by David Mednicoff*
The international crisis over whether top Saudi Arabian leadership murdered U.S.-based Saudi journalist Jamal Khashoggi is a striking example of the consequences of Donald Trump’s blanket disregard for democratic politics and human rights in other countries. This departure from decades of American foreign policy rhetoric remains comparatively undiscussed.
However, in the Middle East, my area of expertise, I believe this Trump policy shift opens the door to exactly the sort of flagrant attacks on individual freedom and safety that likely recently claimed Khashoggi.
Most criticism of Trump’s foreign policy has focused on two other major departures from decades of past American practice.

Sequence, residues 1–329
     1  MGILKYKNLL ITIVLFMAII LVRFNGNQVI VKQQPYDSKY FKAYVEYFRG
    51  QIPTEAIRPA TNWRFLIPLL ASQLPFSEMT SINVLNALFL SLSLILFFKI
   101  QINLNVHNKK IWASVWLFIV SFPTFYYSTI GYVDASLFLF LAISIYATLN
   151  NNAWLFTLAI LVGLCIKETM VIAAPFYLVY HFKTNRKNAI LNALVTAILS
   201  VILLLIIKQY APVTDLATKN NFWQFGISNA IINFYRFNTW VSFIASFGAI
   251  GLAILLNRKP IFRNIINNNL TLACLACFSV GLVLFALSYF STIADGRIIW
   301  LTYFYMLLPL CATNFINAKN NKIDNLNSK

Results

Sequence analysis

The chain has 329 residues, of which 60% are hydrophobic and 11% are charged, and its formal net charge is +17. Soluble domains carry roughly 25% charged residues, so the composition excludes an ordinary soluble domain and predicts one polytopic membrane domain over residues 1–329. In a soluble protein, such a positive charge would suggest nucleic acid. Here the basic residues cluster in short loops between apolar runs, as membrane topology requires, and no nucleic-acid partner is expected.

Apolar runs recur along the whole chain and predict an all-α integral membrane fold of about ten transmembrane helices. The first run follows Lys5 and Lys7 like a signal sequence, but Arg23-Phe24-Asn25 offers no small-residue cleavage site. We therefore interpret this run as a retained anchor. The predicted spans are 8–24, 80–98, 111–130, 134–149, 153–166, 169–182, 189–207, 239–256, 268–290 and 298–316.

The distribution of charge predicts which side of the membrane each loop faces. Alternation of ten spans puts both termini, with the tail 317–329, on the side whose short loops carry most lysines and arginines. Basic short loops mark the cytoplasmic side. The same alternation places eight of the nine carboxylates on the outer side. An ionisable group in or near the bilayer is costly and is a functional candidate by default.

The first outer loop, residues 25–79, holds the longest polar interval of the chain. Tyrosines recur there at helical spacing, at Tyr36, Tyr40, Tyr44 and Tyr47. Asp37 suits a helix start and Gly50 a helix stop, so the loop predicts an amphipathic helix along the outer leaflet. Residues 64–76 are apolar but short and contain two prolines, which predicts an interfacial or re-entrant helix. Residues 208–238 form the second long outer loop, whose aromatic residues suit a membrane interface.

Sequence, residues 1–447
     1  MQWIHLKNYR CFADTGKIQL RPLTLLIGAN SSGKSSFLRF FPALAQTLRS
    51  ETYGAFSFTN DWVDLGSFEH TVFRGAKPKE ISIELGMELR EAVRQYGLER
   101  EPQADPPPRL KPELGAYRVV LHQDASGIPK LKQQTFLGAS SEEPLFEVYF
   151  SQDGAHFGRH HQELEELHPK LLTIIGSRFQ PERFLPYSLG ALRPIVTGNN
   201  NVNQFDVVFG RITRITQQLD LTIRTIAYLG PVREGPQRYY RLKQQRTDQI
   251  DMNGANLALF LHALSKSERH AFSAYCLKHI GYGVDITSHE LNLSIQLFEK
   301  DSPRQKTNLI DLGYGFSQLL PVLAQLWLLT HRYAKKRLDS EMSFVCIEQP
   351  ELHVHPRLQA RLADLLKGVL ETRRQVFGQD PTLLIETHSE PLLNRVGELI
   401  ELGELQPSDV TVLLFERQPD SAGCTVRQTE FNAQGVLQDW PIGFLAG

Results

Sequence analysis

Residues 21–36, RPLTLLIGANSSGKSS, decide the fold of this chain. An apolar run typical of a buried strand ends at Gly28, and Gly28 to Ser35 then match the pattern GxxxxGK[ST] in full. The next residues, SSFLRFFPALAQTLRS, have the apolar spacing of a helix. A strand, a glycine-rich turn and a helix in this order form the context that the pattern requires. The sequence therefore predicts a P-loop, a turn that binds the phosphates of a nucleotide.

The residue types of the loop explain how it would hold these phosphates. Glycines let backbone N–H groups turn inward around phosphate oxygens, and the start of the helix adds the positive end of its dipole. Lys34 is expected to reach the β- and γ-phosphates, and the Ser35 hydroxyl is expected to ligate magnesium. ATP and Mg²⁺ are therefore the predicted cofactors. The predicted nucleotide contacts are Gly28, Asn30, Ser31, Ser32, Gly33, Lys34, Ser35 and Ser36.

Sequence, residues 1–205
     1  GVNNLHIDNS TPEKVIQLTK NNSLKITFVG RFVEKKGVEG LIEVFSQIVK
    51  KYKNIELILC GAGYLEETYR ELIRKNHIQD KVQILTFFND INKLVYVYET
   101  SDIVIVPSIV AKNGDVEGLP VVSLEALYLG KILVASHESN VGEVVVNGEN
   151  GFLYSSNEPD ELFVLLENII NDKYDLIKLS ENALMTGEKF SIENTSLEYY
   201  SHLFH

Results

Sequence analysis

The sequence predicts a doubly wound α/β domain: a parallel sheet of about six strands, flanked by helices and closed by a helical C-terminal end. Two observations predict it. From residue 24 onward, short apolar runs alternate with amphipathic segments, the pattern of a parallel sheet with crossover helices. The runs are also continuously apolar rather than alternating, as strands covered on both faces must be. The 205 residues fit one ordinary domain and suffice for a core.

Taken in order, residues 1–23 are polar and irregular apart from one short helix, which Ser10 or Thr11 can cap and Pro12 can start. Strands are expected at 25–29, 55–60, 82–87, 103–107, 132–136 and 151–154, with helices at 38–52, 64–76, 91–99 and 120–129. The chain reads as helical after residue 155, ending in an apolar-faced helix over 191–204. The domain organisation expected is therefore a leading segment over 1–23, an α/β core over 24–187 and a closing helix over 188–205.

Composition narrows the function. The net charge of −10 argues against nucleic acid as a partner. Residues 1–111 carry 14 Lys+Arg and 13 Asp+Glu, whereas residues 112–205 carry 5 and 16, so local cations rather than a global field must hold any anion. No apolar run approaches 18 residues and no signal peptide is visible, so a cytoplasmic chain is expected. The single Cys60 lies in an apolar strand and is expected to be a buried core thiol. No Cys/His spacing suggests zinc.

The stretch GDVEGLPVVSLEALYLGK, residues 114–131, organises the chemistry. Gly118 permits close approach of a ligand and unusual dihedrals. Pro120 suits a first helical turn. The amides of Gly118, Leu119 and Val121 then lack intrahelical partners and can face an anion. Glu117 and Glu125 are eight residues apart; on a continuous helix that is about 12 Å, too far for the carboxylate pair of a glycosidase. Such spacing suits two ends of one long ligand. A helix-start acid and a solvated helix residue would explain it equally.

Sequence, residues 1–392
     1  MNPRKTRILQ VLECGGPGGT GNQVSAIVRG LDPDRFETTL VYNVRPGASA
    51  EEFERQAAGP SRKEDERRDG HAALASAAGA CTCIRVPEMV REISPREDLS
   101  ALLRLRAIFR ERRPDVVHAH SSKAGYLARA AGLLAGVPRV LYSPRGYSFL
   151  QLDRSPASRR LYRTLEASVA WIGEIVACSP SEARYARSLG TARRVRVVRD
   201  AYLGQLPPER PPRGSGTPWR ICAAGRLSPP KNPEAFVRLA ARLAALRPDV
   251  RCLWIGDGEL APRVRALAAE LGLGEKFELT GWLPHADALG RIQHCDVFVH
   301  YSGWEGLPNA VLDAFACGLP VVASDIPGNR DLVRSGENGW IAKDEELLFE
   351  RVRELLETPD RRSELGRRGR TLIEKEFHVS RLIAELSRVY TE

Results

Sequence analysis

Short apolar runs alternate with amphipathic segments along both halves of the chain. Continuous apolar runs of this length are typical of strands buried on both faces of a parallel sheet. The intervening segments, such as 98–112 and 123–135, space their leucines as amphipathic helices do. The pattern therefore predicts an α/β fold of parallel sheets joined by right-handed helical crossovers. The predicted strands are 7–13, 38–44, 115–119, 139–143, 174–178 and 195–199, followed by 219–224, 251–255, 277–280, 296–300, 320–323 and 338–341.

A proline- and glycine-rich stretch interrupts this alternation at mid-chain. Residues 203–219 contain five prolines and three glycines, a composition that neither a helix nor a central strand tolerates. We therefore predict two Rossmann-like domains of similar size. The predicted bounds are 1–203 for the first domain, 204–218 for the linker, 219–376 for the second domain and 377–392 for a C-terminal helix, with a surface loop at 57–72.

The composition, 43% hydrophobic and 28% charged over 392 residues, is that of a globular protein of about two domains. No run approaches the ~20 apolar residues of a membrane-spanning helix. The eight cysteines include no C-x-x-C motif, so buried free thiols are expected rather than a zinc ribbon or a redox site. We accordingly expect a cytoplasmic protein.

First, Trump has rejected the cornerstones of the post-WWII international order largely built by the U.S.: deep alliances among Western democracies and global free trade. Second, Trump has shown an affinity for authoritarian rulers, including Russia’s Vladimir Putin, which has undermined American interests.
Yet, the Trump administration’s abandonment of support for democracy and civil rights hurts the interests of both Middle Easterners and Americans.
Did the US walk the walk?
In the past, U.S. leaders and officials within the government have shown interest in political rights and government accountability in other countries. Such talk has nonetheless often taken a back seat to considerations of geopolitical power or resources. Continue reading